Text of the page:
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My experience from nearly thirty years of college teaching is that good course design is startlingly important: seemingly small details can spell the difference between success and mediocrity. This is particularly true when the textbook has an unusual design and/or you have high expectations for students learning difficult material.

The guidelines summarized below should help instructors design the sort of class schedule and grading policies that (in my experience) will undergird a successful undergraduate general relativity course using this textbook. The links send you to pages that explore the issues in greater depth.

  • Prerequisites should include at least vector calculus (more math is always better!) and probably some intermediate mechanics or electrodynamics. Your design will also need to take account of how much special relativity students have seen.
  • Remember that each chapter is designed to correspond to one 50-minute class period.
  • Be aware of the section dependencies displayed in the flow chart on each chapter's title page.
  • The workbook format's success absolutely depends on somehow goading students to work the box exercises before coming to class.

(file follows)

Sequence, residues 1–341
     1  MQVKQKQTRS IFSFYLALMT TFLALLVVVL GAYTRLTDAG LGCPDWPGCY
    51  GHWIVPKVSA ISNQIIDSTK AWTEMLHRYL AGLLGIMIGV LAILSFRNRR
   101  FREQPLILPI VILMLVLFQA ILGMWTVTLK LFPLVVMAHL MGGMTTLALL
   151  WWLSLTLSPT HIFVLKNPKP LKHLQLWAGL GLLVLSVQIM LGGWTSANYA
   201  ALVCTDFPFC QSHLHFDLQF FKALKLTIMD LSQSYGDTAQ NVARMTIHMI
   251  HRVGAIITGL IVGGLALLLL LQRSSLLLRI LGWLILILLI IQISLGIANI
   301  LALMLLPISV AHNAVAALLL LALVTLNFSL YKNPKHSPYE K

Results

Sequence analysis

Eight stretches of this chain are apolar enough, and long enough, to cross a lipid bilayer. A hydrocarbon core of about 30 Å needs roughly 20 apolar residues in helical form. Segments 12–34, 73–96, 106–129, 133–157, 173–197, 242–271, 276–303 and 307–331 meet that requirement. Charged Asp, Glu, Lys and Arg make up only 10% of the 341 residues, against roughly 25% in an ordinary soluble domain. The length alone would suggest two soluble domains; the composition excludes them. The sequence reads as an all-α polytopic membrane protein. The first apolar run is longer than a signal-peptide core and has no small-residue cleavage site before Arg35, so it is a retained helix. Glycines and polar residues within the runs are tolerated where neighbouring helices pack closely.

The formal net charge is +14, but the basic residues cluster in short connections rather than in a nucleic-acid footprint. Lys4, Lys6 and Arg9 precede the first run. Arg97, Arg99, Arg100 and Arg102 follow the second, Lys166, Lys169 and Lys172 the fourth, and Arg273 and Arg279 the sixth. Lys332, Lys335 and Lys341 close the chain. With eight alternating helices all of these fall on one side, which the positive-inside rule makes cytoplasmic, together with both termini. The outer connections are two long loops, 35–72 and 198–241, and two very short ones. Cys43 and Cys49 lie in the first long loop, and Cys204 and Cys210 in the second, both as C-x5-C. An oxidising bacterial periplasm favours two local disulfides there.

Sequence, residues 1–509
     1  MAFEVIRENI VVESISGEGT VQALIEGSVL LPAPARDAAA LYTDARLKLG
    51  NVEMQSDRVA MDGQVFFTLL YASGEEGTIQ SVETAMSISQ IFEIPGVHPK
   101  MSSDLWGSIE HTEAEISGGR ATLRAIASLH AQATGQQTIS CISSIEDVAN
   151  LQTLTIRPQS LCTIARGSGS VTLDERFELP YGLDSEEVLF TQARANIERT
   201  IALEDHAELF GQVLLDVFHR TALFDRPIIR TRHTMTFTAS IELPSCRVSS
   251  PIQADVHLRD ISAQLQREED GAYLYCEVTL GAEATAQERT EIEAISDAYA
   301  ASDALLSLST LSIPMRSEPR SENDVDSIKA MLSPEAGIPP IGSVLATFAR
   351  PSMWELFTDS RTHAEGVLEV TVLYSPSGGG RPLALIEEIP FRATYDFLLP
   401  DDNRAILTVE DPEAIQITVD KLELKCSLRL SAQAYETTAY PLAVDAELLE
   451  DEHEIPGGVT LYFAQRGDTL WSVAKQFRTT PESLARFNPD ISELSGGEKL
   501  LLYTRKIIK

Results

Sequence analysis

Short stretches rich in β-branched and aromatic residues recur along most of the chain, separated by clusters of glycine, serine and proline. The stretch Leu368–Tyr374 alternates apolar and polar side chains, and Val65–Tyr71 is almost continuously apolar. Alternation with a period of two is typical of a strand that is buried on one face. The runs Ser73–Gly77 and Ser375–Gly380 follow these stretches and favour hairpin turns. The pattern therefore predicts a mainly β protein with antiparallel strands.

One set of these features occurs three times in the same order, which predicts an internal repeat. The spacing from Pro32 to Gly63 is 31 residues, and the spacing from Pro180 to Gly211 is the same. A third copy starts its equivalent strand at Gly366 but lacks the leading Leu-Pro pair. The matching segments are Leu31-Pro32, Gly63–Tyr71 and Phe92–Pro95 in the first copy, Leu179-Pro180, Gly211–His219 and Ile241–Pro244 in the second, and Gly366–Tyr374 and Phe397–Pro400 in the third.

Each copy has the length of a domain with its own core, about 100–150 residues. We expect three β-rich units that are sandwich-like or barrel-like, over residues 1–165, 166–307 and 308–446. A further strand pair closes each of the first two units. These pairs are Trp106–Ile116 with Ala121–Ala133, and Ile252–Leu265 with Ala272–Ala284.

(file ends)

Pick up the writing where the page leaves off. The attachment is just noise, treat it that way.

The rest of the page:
• Work through the boxes yourself before class. This helps you appreciate and anticipate your students' problems and isolates questions you have to resolve before class.
  • Don't lecture: focus class time instead on addressing students' needs and questions.
  • Collect and grade roughly two problems from each chapter, and consider this unusual grading scheme, which encourages students to try tough problems without fearing failure.
  • Consider giving take-home exams or exams with relaxed time limits.

To see how I teach the course at Pomona College, look at the syllabus I used when I last taught the course.

If you are a professor thinking about using the book in a course, go to the professors' resources page at University Science Books, where you can request an examination copy (if you are not quite sure) or a desk copy (if you are). In the latter case, be sure to request an instructor's solution manual that provides complete solutions to all box exercises and homework problems.


You can purchase a copy directly from the publisher here.

New! Online Student Manual available here.


Thomas A. Moore has been a professor in the Physics and Astronomy Department at Pomona College since 1987. He does theoretical research on detecting gravitational waves using LISA (now eLISA). Send him a message.